Solo

Christopher Paul Curtis

Bud Not Buddy

Elijah of Buxton

The Watsons Go to Burningham , 1963

Walter Dean Myers

Autobiography of a Dead Brother

Game

Monster

Jason Reynolds

As Brave As You

Look Both Ways

Track series (Ghost, Patina, Sunny, Lu)

Jaqueline Woodson

After Tupac and D Foster

Brown Girl Dreaming

Harbor Me

If You Come Softly (sequel: Behind You)

 

 

 

 

 

 

 

 

 

 

 

READING IN ISOLATION: Part 2 / Children’s Lit: 2020 titles

All TWELVE fiction titles in this posted were published in 2020. I have included books for middle years readers and YA (and one nonfiction title).

 

MAD, BAD & DANGEROUS TO KNOW by Samira Ahmed (YA)

Having recently finished Ahmed’s strong novel about the race, identity and the immigrant experience in the novel Interment, I was intrigued to read her 2020 novel Mad, Bad, & Dangerous to Know.  I like that the novel has two narratives (Khayamm’s, an American, French, Indian Muslim teenager) and Leila (who is forced to hide her love from the Pasha who has bestowed her with favoured status in his harem, 200 years ago.) More time is spent with Kahyam who while on vacation in Paris sets upon a quest to find the mystery behind a Delacroix painting and the history of the Dumas family. Coincidently she happens to meet a boy named Alexander Dumas who is a descendent of the famous author. Daniel Pennac with his rights of the reader, gives us permission to not finish a book, and as I approached page 100, i decided to abandon this novel because I wasn’t all that interested in the Khayyam’s mission, her former and newly-found  love interests and the detective like investigation into Dumas and Delocroix’s life. And so I won’t find out how Khayyam and Leila’s story intertwine. That’s OK.

A HIGH FIVE FOR GLENN BURKE by Phil Bildner

Major League baseball player (1976-1979) had two notworthy claims to fame: 1) After raising his hand over his head and slapping a teammate’s hand who had just scored a home run, he ‘invented’ the high five slap 2) He was the first MLB player to come out to teammates during his professional career.  Author Phil Bildner pays tribute to this sports hero through the world of sixth grader Silas Wade who presented a school project to his classmates (omitting the detail about Burke, being gay. Silas a skilled young baseball player, has come to terms with the fact that he too is gay, but the process of coming out, like for many young adolescent boys is troublesome. He reveals his secret to his best friend, Zoey and his coach. Bildner knows the world of baseball and adeptly describes the action on the field and the need to be a strong, respectful member of a team. The gay author also digs respectfully into minds and worries of those who are struggling to reveal their true identities. For this, the novel works well on two levels giving sports fans and young adolescents a hero to empathize – or connect – with. High five, Mr. Bildner. High Five, Silas, and High five, Glenn Burke.

THIS PLACE: 150 Years Retold / multi-authored (Graphic text: nonfiction/ fiction) YA (2019)

Ten stories created  by Indigenous authors and illustrators, providing a history of known and unknown figures and events that tell a history that goes back 150 years. The graphic collection helps to illuminate the past, present and future of Indigenous communities and their battles to survive. The narratives are not always presented with clarity but the visuals are often strong and provide powerful imagery(frequently drawn from real-life photographs). Any of the stories can lead to further inquiry about the stories of people, places and time. “It tells tales of resistance, of leadership, of wonder and pain and pasts we must remember and futures we must keep striving towards planting each story like a seed deep inside from us ” (from the forward by Alice Elliott, p. vi)  A timeline of historical events is presented to introduce each of the stories. Suitable for adolescents and adults.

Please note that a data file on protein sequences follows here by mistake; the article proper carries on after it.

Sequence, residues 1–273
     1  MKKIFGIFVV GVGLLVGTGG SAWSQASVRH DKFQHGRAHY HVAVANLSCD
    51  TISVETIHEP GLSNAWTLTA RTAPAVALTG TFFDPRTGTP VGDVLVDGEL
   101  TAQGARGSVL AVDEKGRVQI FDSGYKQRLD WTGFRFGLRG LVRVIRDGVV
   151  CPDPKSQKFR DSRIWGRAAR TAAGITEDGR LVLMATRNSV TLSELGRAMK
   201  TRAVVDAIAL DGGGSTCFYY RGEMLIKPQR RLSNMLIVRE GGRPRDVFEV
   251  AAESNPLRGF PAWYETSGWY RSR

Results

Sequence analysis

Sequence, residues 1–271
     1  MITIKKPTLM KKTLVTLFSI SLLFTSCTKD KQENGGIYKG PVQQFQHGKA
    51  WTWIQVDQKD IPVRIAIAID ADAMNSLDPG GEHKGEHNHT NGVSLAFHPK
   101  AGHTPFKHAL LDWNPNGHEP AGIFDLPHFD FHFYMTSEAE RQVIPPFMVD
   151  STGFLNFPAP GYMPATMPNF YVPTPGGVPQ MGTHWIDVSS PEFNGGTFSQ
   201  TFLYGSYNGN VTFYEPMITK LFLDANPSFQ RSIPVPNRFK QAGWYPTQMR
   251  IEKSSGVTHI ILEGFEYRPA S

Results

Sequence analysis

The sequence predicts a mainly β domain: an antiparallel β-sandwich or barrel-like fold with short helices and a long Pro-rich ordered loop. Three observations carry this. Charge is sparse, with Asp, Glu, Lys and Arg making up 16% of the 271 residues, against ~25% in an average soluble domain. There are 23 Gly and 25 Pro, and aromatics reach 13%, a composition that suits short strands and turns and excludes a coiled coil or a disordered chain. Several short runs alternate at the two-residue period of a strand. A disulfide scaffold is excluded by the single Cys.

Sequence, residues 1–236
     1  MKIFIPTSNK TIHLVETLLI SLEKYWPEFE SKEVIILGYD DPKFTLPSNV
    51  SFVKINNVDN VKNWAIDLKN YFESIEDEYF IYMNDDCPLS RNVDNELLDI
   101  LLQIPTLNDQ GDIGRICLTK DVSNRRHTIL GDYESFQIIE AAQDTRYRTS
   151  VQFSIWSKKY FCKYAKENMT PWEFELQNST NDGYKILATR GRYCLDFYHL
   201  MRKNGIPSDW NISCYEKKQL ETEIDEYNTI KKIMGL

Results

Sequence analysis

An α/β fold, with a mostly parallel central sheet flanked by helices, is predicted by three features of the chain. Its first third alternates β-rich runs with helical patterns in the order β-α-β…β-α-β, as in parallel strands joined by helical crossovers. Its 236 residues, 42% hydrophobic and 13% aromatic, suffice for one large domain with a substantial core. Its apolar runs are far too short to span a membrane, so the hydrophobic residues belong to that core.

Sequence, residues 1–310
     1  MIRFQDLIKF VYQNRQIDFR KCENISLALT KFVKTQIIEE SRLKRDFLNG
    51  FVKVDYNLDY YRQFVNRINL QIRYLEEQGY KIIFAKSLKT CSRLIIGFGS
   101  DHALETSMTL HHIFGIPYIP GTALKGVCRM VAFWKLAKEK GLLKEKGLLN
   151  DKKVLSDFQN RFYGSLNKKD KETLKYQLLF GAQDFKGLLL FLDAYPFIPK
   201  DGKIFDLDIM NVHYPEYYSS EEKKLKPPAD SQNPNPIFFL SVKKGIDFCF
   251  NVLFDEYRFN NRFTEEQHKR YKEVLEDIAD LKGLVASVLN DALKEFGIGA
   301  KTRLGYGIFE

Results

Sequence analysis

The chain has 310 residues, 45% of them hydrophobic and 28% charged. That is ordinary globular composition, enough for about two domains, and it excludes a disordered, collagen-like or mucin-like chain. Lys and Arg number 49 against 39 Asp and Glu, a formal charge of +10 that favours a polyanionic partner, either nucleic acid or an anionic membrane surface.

AGGIE MORTON: MYSTERY QUEEN: The Body Under the Piano by Marthe Jocelyn

A fortuitous comment  by one of Jocelyn’s editors who asked,  “whether Agatha Christie might be a good model for a child sleuth?” spurred the author to invent the fictitious twelve year-old sleuth,  Aggie Morton, who along with her new Belgian friend, Hector Perot, are caught in the web of a murder case that involves rat poison, a will, a letter, a rascally journalist,  and oh yes, a love story (or two). Young readers will delight in helping solve the crime along with Aggie in 1902 in Torquay England(which just happens to be Christie’s birthplace). What a terrific terrific read!  Four stars out of four.  The Queen of Crime, Agatha Christie e would certainly be giving Aggie Morton – and Marthe Joceyln a high five. Indeed we will be meeting this young detective in forthcoming mystery adventures. thanks to the comment of a wise editor.

BLACK BROTHER, BLACK BROTHER by Jewell Parker Rhodes

Donte and Trey are brothers. Their mother is black, their father white. 12 year-0ldDonte is dark skinned and his older brother is lighter skinned.  Both boys attend a private school, but it is Donte who is taunted by racist remarks, especially from the school bully, Alan. When Dante, innocent, is accused of a misdomenor, he is expelled from school How will Dante, and other black boys feel safe and free?  For Donte, salvation is found in the world of fencing where he challenges himself to train as a competitive fencer, hoping he can take down the fencing team captain, Alan. Though not as powerful as her recent novel, Ghost Boys, the author once again examines black youth who fight against injustice and racism. The sport of fencing is given great description.